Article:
Symphony No.4 in E minor, Op.98
Synergy Vocals [Michala Haslam & Amanda Morrison (sopranos), Rachel Weston & Heather Cairncross (altos), Gerard O’Beirne & Andrew Busher (tenors) & Michael Dore & Simon Grant (basses)]
New York Philharmonic
Reviewed by: Gene Gaudette
Reviewed: 2 February, 2008
Venue: Avery Fisher Hall, Lincoln Center, New York City
Berio’s Sinfonia is scored for eight amplified vocal soloists and Orchestra. It was commissioned by the New York Philharmonic, and premiered in 1968; in 1969, Berio added a final movement shortly before he recorded the work with the Philharmonic for Columbia. The work was conceived and written at the culmination of cultural and social crises of the turbulent 1960s; the assassination of Martin Luther King in 1968 took place as Berio was drafting the music, and the second movement, ‘O King’, an extended version of the 1967 version built on sustained notes constructed from the slow intonation of the sounds that constitute his name, became a haunting elegy to the civil rights leader.
Sinfonia’s third movement uses the scherzo of Mahler’s Symphony No.2 (Resurrection) as a framework upon which Berio — sometimes humorously, sometimes hallucinatory — builds with texts drawn from Samuel Beckett’s “The Unnameable” and musical quotes from other works, most from the twentieth-century — careful listeners will recognize everything from motifs to tutti passages from works by Mahler, Debussy, Stravinsky (The Rite of Spring), Berg, Richard Strauss, Ravel, Boulez, Bach, Brahms, Hindemith, Nono, Stockhausen and others, sometimes juxtaposed with tongue firmly planted in cheek.
Composer Steven Stucky and Synergy Vocals gave a pre-performance ‘roadmap’ of the Sinfonia, demonstrating some of the vocal ‘tricks’ Berio deploys, harmonic landmarks that unify the piece, and some of the significant portions of text – notably those of post-modern anthropologist by Claude Levi-Strauss, especially key words “feu” (fire), “eau” (water) and “sangre” (blood) and their transformations.
Maazel’s approach to the work utilized a wide dynamic range and gave the vocalists more prominence than one hears on the recordings by Chailly, Boulez and Eötvös — especially in the third movement, where the Mahler pastiche and voices were vying for prominence in a manner more harrowing than humorous. Accented attacks, particularly in ‘O King’ and fifth movements, had a particularly lacerating bite.
Maazel and the assembled forces hit a particular high mark with the delicate, slow, fourth movement, in which the orchestra echoes the poignant opening theme ‘played’ by the amplified vocalists as an instrumental octet. Maazel tapped into both the contrasting stasis of Berio’s chordal material and the disconcerting, sometimes anger-infused toccata-like instrumental riffs that weave through the texture of the fifth movement, propelling the work to a vigorous but ambiguous conclusion.
Johannes Brahms completed his final symphony in 1885; in contrast to the restrained, bucolic atmosphere of most of the works which he wrote during his last twelve years, Symphony No.4 contains strikingly passionate and turbulent music. No less a perfectionist than Arnold Schoenberg admired Brahms in general, and the Fourth Symphony in particular for its combination of rugged beauty and remarkable structural detail, including the use of motivic figurations that reinforce the work’s structural coherence.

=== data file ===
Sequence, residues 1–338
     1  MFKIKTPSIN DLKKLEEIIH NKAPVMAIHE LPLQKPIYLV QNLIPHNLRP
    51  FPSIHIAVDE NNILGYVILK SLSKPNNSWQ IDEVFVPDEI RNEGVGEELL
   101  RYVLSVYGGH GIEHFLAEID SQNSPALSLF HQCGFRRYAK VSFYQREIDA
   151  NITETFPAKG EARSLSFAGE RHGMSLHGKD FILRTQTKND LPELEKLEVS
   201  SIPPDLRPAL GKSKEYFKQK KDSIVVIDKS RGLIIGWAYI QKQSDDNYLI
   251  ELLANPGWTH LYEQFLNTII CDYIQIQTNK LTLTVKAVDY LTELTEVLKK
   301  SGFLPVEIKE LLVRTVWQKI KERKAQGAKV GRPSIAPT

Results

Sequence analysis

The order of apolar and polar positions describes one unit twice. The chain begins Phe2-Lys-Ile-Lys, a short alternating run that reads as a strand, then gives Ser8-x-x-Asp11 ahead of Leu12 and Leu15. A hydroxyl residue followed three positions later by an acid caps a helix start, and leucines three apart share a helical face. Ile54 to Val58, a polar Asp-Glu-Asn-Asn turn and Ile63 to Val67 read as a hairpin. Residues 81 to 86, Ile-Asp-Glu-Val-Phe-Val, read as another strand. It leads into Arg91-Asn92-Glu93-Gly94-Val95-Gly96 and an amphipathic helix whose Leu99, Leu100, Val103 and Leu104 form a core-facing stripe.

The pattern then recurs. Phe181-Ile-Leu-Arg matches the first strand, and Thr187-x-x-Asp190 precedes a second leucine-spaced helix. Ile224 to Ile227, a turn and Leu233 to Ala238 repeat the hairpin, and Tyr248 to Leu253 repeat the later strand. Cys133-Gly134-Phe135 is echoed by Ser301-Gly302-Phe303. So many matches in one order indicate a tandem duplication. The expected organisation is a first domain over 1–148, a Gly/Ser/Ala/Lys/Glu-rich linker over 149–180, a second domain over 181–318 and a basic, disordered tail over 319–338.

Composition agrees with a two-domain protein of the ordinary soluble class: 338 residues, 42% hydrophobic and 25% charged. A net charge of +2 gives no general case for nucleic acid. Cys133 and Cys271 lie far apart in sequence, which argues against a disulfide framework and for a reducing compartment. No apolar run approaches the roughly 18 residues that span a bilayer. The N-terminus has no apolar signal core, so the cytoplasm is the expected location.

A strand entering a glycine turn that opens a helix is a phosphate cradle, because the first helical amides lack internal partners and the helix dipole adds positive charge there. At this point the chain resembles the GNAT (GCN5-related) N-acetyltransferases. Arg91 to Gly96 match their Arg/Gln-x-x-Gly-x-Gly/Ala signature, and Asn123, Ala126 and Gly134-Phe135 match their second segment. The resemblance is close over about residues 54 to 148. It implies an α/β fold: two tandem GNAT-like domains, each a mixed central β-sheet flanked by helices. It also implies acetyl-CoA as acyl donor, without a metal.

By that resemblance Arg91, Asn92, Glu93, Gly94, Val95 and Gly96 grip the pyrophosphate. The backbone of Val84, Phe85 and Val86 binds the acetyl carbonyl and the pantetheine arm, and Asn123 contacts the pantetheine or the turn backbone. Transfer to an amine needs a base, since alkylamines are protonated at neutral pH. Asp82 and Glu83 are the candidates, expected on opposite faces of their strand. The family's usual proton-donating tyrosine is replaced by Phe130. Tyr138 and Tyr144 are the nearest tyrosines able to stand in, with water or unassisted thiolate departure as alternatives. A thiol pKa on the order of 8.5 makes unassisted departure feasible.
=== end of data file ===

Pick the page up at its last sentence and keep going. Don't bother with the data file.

Maazel gave a risky, red-blooded performance that sometimes brought more attention to rhetoric than the music itself. Maazel lingered over the first notes before hitting the gas and propelling the opening theme of the first movement at a tempo faster than one usually hears; this became a broader accelerando at the movement’s recapitulation. The opening was a portent of Maazel’s use of subtle (and not-so-subtle) tempo shifts and gradations he used throughout the symphony to delineate structure. Timbres throughout tended to be on the bright side; those accustomed to a more euphonious sound favoring the ‘deep’ low timbres Brahms preferred got a completely different take on the work from Maazel, who clearly revels in the contrapuntal intricacies and ‘mood swings’ of the work. The first movement left the impression not so much of a ‘Tragic Overture No.2’ but a ‘Portents of Anguish Overture’ — complementing, in an unexpected way, the turbulence of the Berio!
The second movement was unexpectedly light and fleet, with dazzling ensemble and section playing; the playing of the lyrical opening theme by principal clarinettist Stanley Drucker and its recapitulation in the superb viola section was memorably gratifying. Throughout, Maazel elicited a lush expressive style more characteristic of the great central European orchestras of half a century ago, and brought the movement to an end with an unexpectedly lingering, slow tempo.
The scherzo had a satisfying balance of incisiveness without too much ‘punch’ and contrast in character and color. The fourth movement chaconne sacrificed quite a bit in the area of coherence; Maazel’s tempo-manipulation tore into the continuity, but played to the strengths of the Philharmonic’s virtuosity. Critic Eduard Hanslick is reputed to have said upon hearing the first movement of the work, “For this whole movement I had the feeling that I was being given a beating by two incredibly intelligent people.” That was not too far from my feeling about the finale: Maazel and his unknowing accomplice Brahms, first playing the ominous main theme with deceptive euphony, then — wham! – variation after — slam! — variation straight through to the final E minor chord.
I loved the Berio, but needed some extra-strength analgesics after the Brahms.